Untitled 4What follows is a series of brilliantly executed cinematic reversals in which Zemeckis and Gale overturn and destroy all of the nostalgic notions of the past that they worked so hard to establish in the first act. Marty learns that he and his dad both struggle with a fear of rejection. He learns that his ostensibly moralistic mother liked to drink and smoke in high school; and he is forced to face reality when his 1955 mother proudly declares, “it’s not like I’ve never parked before.”By spending a week in the past, Marty McFly realizes that although the times may have changed, the problems are fundamentally the same. He has a lot more in common with his parents than he cares to admit. In the end, it turns out that the past wasn’t as glorious as it was made out to be. The 1950s nostalgia was nothing more than a facade. Back to the Future does indeed give us a somewhat idyllic and romanticized version of the past—especially at first; but it Untitled 5does not stop there. Back to the Future takes us beyond nostalgia to a place where we can learn from the past.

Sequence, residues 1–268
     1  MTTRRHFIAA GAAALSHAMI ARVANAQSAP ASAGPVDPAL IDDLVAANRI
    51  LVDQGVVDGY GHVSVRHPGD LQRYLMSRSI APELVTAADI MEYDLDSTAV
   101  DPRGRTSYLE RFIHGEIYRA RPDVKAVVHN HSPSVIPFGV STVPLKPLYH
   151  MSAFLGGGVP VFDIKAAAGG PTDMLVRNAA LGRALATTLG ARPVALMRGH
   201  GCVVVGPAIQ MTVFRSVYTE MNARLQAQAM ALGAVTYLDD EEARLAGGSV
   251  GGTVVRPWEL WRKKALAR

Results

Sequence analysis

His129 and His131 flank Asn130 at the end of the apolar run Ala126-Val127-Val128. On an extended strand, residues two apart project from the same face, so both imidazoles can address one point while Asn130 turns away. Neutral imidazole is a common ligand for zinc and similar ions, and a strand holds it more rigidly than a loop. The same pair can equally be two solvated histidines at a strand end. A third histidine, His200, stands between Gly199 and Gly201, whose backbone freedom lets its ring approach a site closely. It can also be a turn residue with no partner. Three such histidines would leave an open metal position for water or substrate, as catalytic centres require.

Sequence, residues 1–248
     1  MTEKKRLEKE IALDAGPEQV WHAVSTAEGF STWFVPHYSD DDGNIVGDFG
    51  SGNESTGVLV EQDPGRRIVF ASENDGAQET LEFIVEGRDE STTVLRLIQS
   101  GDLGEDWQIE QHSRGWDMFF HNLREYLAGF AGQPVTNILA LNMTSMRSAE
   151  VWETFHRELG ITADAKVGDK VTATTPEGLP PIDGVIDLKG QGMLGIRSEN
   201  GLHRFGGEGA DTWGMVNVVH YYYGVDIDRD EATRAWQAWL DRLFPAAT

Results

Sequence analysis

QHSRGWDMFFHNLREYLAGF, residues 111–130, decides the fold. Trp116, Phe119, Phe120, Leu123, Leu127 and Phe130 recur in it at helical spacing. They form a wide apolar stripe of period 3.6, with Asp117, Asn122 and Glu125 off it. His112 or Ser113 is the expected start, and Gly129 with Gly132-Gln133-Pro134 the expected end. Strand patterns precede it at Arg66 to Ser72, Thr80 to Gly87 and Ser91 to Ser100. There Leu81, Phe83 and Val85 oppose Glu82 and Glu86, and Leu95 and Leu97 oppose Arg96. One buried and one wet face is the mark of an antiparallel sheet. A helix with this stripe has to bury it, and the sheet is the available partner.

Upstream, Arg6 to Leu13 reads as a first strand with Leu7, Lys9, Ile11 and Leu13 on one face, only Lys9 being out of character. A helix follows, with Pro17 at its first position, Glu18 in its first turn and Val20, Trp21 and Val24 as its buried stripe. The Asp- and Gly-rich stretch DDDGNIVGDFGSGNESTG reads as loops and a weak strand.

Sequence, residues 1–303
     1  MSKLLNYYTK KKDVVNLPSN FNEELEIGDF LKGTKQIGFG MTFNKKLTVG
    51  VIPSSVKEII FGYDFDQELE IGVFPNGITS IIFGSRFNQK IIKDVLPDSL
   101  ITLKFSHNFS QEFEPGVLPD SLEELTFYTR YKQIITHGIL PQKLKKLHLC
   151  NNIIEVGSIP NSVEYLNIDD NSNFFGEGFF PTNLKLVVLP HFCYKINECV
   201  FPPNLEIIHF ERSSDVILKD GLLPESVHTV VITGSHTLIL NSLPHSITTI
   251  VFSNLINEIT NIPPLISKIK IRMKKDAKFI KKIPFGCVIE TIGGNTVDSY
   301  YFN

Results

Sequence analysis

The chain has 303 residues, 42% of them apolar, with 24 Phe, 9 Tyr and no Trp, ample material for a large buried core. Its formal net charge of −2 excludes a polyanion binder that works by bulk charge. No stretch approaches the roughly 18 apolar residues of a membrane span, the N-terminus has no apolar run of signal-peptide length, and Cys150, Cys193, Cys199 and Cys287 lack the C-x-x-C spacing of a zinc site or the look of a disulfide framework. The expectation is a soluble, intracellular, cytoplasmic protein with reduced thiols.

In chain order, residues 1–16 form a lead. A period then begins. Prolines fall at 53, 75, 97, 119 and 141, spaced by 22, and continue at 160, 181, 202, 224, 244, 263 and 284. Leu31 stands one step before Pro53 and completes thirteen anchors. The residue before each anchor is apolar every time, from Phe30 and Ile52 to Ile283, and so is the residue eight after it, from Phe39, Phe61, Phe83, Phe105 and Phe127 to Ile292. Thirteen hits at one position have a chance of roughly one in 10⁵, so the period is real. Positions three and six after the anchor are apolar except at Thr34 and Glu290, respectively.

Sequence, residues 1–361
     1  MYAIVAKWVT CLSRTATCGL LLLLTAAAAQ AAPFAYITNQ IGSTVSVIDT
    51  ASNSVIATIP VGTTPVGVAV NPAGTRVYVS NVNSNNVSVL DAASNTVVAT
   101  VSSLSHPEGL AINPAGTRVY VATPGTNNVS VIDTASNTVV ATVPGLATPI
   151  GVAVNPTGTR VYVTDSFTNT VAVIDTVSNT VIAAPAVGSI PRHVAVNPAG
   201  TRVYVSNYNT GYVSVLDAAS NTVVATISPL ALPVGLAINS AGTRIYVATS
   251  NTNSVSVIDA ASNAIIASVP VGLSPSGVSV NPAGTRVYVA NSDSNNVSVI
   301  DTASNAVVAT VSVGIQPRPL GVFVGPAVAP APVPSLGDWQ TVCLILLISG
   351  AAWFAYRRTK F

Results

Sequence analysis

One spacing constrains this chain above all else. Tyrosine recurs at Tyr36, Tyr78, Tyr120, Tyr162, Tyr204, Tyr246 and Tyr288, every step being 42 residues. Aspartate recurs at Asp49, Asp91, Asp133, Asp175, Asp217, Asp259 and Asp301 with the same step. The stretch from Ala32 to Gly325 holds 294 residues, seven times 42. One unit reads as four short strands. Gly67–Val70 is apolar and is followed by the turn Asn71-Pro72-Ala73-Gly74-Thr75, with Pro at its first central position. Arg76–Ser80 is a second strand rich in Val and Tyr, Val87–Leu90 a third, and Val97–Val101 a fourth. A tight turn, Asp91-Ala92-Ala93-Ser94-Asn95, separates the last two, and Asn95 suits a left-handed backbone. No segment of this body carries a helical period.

I do not mean to imply in my analysis that society is incapable of decaying or getting worse; for clearly that is not the case. My point is not to encourage Reel Thinking readers to avoid reminiscing and purge all happy memories of the past. Collin Hansen is absolutely correct when he says that “[r]emembering the past is good and biblical.[2]”In other words, as Christians, we should think about the past. The life, death, burial, resurrection, and ascension of Christ are historical events. The problem is not the past itself, but having an overly nostalgic conception of it. Consider Collin Hansen’s admonition:

[N]ostalgia is the enemy of faith. By lamenting the good ‘ole days, nostalgia tempts us to forsake the present day as beyond the scope of God’s redemption, out of reach from his intervention[3].